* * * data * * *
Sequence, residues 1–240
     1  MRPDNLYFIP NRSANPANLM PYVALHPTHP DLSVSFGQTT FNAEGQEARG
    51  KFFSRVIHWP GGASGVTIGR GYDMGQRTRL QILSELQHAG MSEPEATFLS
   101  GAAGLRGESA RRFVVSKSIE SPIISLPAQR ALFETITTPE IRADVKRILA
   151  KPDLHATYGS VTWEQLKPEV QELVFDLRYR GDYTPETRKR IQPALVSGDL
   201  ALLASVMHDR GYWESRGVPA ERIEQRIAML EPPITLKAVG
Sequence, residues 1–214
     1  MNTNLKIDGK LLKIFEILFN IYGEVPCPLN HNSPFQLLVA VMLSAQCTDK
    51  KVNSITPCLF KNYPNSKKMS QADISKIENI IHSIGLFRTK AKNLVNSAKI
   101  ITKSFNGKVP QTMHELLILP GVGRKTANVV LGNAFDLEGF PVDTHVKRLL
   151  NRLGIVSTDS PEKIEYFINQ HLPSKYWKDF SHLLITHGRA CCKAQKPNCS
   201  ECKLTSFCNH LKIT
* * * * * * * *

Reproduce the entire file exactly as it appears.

Sequence, residues 1–240
     1  MRPDNLYFIP NRSANPANLM PYVALHPTHP DLSVSFGQTT FNAEGQEARG
    51  KFFSRVIHWP GGASGVTIGR GYDMGQRTRL QILSELQHAG MSEPEATFLS
   101  GAAGLRGESA RRFVVSKSIE SPIISLPAQR ALFETITTPE IRADVKRILA
   151  KPDLHATYGS VTWEQLKPEV QELVFDLRYR GDYTPETRKR IQPALVSGDL
   201  ALLASVMHDR GYWESRGVPA ERIEQRIAML EPPITLKAVG
Sequence, residues 1–214
     1  MNTNLKIDGK LLKIFEILFN IYGEVPCPLN HNSPFQLLVA VMLSAQCTDK
    51  KVNSITPCLF KNYPNSKKMS QADISKIENI IHSIGLFRTK AKNLVNSAKI
   101  ITKSFNGKVP QTMHELLILP GVGRKTANVV LGNAFDLEGF PVDTHVKRLL
   151  NRLGIVSTDS PEKIEYFINQ HLPSKYWKDF SHLLITHGRA CCKAQKPNCS
   201  ECKLTSFCNH LKIT